Taika Waititi is a very busy man. Not only does the filmmaker have projects like Thor: Love & Thunder coming up, but he’s putting his footprints in the television landscape as well thanks to What We Do In The Shadows and now, Reservation Dogs. The show follows four Native American teenagers (D’Pharaoh Woon-A-Tai as Bear Smallhill, Devery Jacobs as Elora Danan, Paulina Alexis as Willie Jack, and Lane Factor as Cheese) who are desperately trying to escape their poverty-stricken neighborhood on a reservation in eastern Oklahoma. Obviously, Reservation Dogs is a play off the Quentin Tarantino classic, Reservoir Dogs, but don’t get it confused as a knock-off of the 1992 classic. The show made its debut back in August 2021 and luckily, season two has been officially confirmed by FX and Hulu. Of course, does it mean that the show is worth watching? Well, I can’t speak on the full season yet, but if it’s anything like the pilot then we’re in for a wild and fun ride.
Right now, we’re currently in the golden age of television. There are so many great television shows that some managed to slip under the radar. Granted, a second season confirms that audiences haven’t ignored Reservation Dogs and the show has received recognition from the Independent Spirit and Critics Choice Awards. However, the heat for the Taika Waititi project doesn’t have much chatter amongst other programs such as Squid Game or Only Murders in the Building. It’s a shame too because Reservation Dogs achieves a feat that is somewhat of a rarity in television today: It’s original. These Native American teenagers are criminals. Not gang bangers or something along those lines, but little thieves who are apparently the best thieves in town. The show starts off with a bang by having the foursome highjack a Flamin Flamers truck. The gang is successful in stealing the truck, but their interactions is what makes them stand out. Each personality is showcased throughout the daring high-speed theft: Bear is concerned with Elora’s safety by repeatedly requesting for her put on a seatbelt, even though they’re stealing a chip truck. Bear is clearly the leader spearheading the entire operation. Willie Jack is the rough-and-take no crap kid. And Cheese is just a chill guy. The entire sequence of the car theft is fun and hilarious, and the writers managed to make the cast likeable despite their antics.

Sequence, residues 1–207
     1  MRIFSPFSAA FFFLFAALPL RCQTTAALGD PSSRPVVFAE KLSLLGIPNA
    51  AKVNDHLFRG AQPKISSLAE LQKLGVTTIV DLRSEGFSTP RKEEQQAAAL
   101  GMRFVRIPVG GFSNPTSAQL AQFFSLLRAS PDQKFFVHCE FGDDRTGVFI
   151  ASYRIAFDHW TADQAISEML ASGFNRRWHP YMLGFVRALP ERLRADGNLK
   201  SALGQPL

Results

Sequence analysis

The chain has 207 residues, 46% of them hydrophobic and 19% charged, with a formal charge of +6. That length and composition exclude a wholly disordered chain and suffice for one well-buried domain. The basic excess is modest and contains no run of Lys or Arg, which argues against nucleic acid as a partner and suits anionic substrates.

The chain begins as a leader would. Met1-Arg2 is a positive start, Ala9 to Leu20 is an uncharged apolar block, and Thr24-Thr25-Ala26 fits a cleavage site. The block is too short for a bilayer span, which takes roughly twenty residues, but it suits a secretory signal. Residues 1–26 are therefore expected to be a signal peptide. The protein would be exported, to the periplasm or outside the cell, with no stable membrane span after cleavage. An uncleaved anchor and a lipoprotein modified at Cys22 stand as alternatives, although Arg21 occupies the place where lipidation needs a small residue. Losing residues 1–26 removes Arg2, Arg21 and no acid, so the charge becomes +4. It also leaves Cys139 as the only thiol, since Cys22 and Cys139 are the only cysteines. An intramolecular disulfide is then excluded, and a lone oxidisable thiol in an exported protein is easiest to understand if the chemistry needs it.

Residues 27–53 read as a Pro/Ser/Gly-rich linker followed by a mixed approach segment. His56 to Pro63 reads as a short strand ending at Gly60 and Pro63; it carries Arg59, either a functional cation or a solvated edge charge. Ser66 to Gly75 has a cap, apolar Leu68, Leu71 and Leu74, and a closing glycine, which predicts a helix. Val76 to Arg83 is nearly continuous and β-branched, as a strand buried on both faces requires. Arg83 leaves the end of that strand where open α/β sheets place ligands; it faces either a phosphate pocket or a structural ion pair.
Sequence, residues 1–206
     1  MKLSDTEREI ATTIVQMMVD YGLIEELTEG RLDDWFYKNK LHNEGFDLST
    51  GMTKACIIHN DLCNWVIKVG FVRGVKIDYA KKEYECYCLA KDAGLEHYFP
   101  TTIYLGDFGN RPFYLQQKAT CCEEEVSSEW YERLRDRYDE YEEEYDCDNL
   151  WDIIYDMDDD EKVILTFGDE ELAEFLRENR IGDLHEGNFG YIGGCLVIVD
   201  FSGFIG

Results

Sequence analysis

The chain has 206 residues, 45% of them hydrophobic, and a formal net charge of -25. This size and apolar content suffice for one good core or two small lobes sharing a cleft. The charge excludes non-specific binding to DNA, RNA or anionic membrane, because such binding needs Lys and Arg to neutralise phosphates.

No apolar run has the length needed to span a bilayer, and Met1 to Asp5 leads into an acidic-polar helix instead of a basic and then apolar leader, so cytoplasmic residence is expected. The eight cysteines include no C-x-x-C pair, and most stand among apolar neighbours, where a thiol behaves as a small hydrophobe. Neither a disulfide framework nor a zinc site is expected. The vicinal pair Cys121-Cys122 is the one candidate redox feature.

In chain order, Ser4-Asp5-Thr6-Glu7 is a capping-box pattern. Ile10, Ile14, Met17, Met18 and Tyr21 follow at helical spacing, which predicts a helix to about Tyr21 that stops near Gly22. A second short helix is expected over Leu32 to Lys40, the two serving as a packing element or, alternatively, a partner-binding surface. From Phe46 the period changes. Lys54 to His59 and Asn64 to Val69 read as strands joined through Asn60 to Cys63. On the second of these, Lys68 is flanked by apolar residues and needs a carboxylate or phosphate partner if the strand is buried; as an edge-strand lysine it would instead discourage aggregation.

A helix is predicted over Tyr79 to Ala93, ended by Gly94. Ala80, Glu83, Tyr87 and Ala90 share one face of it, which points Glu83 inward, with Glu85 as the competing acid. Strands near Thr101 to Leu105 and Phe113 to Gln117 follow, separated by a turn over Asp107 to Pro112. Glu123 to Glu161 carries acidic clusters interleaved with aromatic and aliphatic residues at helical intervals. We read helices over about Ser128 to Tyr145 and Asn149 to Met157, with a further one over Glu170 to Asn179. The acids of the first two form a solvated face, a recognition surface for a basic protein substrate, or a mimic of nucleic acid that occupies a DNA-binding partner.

Following the heist, we go into deeper exploration of their lives and why they’re stealing trucks. The simple reason is that they’re trying to escape their hellish neighborhood. One of their friends, Daniel, was killed because of the place that they live, so the foursome is doing whatever it takes to get out of the dump. The focus of the first episode is mainly on Bear, whose home life isn’t all that great. His mother isn’t exactly a strong role model and he’s the one that feels the most compassion over the crimes that he’s done. The pilot does an excellent job of explaining who these kids are, yet not excusing their actions for what they’ve done. It’s not hard to relate to the teenagers because their story is pretty simple, yet complex at the same time.
In general, they’re good people. Despite the crimes that they’ve committed, they’ve never physical hurt anyone and the only reason they’ve resorted to theft is to escape a bad situation that they desperately want to escape. The best element is the colorful number of characters in the world of Reservation Dogs. The biggest standouts in the supporting character field is Lil Mike and Funny Bone, twins who aspire to rappers, but sort of are gangsters. The energy of the duo is great and their rapport between the core cast and themselves is extremely funny. At its heart, the story of Reservation Dogs is actually sad and depressing, but Taika Waititi and his writers manage to keep the show light and funny. You’ll be able to invest in this world because its something new, yet the story is the type of journey that most people can relate to. Reservation Dogs manages to perfectly check off the boxes required for a strong pilot. It focuses on the episode at hand, but it never forgets the easter eggs necessary that keep you coming back to the next episode. This could be considered a light-hearted version of Reservoir Dogs as we are following a band of criminals, but the pilot successfully carves its own unique path that makes you want to continue to watch the adventures of Bear, Elora, Willie Jack, and Cheese.